By Lynda Richardson
The New York Times
January 25, 1997
While new drugs have made many patients stronger, officials at Rivington House and elsewhere see danger in the growing sense of optimism among those who have concluded that the disease is soon to be beaten.
"I don't think we've turned the corner," said Linda A. Domizio, director of professional services at Rivington House. "I think it's too premature to make any projections about what's going to happen in the future. It's a very difficult regimen to adhere to. And we don't know what the long-term effects are going to be."
But the new drugs have given many people with AIDS a glimmer of hope. At the Rivington House, a six-story, red-brick structure that used to be a public school, patients are talking about getting their G.E.D.s, getting jobs, even getting their teeth fixed. The corridor walls are decorated with brightly colored artwork, painted by patients. A golden retriever, named Dinah, nuzzles patients and prowls halls.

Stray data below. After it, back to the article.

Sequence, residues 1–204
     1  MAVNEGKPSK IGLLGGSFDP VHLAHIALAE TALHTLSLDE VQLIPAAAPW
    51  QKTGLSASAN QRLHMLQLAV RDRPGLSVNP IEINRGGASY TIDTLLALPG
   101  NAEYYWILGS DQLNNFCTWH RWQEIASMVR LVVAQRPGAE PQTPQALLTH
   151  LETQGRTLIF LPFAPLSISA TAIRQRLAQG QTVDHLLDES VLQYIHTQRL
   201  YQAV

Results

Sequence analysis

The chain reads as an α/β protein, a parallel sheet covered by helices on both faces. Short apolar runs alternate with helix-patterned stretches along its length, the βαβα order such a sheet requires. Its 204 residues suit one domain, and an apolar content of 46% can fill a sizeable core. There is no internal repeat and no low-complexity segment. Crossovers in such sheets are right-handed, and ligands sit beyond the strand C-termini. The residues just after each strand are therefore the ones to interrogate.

But despite the center's welcoming atmosphere, Joseph Breen is eager to leave at the end of the month. Mr. Breen, who has been on protease inhibitors for nearly a year, looks forward to going back to his acting career.
Breen, who is 38, has had side effects including a painful kidney stone attack that sent him weeping to a hospital emergency room. He switched medications.
Mr. Breen, who has three children and a ex-wife in Connecticut, said he used to be a leading man in television soap operas including GUIDING LIGHT, AS THE WORLD TURNS and LOVING. At one point, he said, he was making more than $300,000 annually, but three years of unemployment have left him with only Social Security disability benefits.
Mr. Breen will move to a house run by the Actor's Fund of America, for entertainers who have AIDS. Some days he believes he will have a normal life expectancy. But on a recent day, after he experienced a night of discomfort from kidney problems, he asked a staff worker if he would live to see a cure.
"I will never stop taking these AIDS medications until there is a proven cure," he said yesterday. ""You can't play around with this disease."
From an interview with country music singer Carlene Carter (who married Breen in 2006) in January 2011:
But life is really good now," she continues. "I'm trying to put a box set together for the fall. The working title is Thirty-three And A Third, because I'll have been in the business that long. And Joe [actor husband Joseph Breen] and I are writing a script for a TV show based on when we first met and moved to L.A.--and he's working on his acting career. So we're just churning along and I'm feeling optimistic about 2011, that it will be a really great year all around."